Book Review: ‘The Story of Russia’ by Orlando Figes

Despite the rise of a meritocratic bureaucracy in the 17th century, and other developments manifested in the Westernizing reforms of Peter the Great, Russia never experienced its own version of European feudalism, or a Renaissance or Enlightenment. As Figes makes clear, the empire’s autocratic rule suppressed the kind of civil society that would be crucial for the development of modern European civilization.

Nevertheless, Peter’s critics accused him of diverting Russia from its Byzantine traditions in what became the country’s central cultural debate, symbolized by the opposition between the so-called Westernizers and Slavophiles in the 19th century. Later intellectuals “twisted earlier Slavophile ideas about Russia’s role as the protector of Christian principles against the materialism of the West to argue that the latter was an existential threat to it,” Figes writes. Sic transit Putin.

It is testament to the pervasiveness of Russian myths that Figes perpetuates some of them. They include his description of Ivan the Terrible, whose rule conventional histories divide between a dynamic first half and descent into madness following the death of his beloved first wife, Anastasia Romanova. That characterization almost certainly came from later mythologizing, partly to legitimize the establishment of the Romanov dynasty.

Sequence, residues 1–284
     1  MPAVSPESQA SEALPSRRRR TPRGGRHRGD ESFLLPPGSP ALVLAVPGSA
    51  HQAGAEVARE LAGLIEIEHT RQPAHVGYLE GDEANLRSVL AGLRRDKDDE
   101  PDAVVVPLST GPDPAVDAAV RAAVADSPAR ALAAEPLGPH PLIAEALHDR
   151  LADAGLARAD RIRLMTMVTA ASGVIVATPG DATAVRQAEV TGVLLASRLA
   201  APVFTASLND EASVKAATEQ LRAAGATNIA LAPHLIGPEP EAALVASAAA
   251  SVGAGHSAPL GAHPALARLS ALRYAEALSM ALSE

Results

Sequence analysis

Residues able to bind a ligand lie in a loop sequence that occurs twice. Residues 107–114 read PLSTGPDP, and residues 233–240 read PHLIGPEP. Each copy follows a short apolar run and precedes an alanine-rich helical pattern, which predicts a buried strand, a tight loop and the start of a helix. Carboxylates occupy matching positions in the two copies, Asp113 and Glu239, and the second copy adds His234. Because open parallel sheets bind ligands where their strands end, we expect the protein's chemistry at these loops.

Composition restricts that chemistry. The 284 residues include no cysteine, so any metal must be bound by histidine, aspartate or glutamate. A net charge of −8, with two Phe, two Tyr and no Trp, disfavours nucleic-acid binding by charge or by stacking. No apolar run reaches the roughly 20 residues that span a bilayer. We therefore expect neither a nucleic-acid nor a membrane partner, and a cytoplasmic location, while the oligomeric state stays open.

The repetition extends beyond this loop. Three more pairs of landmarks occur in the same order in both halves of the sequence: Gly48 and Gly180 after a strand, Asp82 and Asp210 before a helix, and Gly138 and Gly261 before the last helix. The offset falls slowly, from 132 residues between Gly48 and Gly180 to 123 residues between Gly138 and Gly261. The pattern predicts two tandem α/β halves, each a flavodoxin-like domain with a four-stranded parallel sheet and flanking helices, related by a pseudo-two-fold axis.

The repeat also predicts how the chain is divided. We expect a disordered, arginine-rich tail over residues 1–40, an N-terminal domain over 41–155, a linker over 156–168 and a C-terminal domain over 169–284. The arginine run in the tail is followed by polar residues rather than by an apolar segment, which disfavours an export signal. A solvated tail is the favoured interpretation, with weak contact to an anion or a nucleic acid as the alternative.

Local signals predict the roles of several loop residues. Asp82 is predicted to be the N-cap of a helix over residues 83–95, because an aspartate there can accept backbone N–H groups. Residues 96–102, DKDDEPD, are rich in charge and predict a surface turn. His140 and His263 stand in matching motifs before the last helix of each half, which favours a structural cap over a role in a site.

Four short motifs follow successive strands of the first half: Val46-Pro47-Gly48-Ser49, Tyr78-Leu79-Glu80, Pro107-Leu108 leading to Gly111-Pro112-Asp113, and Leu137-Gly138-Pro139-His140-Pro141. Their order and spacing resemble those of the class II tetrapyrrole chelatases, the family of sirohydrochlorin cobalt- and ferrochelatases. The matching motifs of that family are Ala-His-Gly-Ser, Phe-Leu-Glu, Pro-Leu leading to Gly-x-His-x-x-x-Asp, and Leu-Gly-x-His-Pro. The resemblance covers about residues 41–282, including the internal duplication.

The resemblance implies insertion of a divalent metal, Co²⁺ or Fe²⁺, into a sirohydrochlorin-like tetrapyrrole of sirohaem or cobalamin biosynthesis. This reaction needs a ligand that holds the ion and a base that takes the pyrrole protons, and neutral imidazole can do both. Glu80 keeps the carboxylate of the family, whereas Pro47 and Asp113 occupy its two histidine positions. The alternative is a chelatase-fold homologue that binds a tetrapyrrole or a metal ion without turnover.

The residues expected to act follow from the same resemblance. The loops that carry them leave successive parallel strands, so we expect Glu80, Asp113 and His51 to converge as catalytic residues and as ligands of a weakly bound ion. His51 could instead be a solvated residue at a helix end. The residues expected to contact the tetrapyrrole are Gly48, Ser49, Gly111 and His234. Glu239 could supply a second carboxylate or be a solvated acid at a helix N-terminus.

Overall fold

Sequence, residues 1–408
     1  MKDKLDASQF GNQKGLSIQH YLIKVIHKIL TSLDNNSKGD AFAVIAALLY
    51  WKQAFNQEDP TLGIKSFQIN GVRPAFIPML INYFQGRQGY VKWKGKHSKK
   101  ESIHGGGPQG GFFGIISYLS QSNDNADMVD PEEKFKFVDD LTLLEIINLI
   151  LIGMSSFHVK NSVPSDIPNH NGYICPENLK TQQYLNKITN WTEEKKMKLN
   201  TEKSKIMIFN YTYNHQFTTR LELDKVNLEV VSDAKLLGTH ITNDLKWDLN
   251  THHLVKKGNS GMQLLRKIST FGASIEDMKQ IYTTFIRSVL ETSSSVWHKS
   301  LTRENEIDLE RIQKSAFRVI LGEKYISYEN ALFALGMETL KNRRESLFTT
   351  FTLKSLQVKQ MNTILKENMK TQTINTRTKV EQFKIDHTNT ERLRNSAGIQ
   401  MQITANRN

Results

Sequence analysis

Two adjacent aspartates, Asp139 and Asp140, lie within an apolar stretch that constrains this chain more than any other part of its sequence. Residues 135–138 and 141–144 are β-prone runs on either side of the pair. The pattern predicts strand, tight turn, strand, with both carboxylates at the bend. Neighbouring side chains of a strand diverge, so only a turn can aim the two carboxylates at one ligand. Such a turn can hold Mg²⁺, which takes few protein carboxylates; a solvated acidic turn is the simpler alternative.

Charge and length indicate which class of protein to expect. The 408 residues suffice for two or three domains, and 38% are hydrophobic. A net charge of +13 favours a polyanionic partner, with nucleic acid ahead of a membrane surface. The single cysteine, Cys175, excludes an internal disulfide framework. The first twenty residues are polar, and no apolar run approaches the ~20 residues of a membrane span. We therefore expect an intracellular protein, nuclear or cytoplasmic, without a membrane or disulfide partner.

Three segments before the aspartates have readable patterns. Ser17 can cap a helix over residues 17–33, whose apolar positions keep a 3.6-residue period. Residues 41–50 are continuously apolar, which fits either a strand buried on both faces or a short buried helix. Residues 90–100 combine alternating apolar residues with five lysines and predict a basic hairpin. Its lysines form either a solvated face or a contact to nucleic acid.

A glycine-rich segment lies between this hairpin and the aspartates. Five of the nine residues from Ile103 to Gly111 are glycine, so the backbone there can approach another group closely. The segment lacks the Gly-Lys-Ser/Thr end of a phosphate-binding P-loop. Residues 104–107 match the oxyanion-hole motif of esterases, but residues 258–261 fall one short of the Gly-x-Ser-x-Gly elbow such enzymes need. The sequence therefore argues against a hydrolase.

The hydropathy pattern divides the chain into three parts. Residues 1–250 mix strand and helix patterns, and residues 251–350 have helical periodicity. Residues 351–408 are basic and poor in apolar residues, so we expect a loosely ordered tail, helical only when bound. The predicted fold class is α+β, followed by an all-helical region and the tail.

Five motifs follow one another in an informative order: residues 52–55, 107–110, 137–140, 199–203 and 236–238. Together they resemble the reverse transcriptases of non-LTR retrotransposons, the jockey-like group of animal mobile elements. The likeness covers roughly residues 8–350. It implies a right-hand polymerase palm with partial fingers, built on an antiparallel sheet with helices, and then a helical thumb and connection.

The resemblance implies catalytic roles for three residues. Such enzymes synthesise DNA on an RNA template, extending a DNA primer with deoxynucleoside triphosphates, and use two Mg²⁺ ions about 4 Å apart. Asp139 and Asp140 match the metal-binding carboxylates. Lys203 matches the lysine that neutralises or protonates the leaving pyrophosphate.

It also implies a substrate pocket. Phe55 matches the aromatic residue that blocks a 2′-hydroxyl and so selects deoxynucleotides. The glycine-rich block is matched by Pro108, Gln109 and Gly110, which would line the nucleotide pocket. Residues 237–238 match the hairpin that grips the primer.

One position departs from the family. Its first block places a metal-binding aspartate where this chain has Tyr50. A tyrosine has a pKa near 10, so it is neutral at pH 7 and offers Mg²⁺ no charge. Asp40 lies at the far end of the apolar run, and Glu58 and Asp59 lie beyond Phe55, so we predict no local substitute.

And developments from the mid-19th century on are treated increasingly superficially, presented as all but inevitable consequences of earlier history. In fact, the Bolshevik Revolution in 1917 was the result of not only bungling by the reactionary Czar Nicholas II but also dumb luck and German support — the ensuing civil war could have gone either way. Even more nuance is missing from later Soviet history, including the paradoxical figure of the reformer Nikita Khrushchev.

Figes has previously courted controversy for allegedly embellishing interviews and for anonymously panning rivals’ works on Amazon. There are some mischaracterizations here; it was not so much President Boris Yeltsin’s constitutional reform that prompted a violent standoff with Parliament in 1993, for instance, as a power grab by the Soviet-era legislature (then called the Congress of People’s Deputies, not the later Duma, as Figes has it).

But the author’s glossing over the Westernizing 1990s is perhaps most disappointing. They are characterized as essentially doomed to failure, with little acknowledgment of the importance of a newly free press, democratization and fundamental transformation in governance, including how the center dealt with the country’s regions. Instead of czarist and Soviet administrative coercion, Moscow relied on monetary policy: the flow of appropriations to the provinces and ebb in the form of taxes. Such developments do not fit neatly into Figes’s narrative.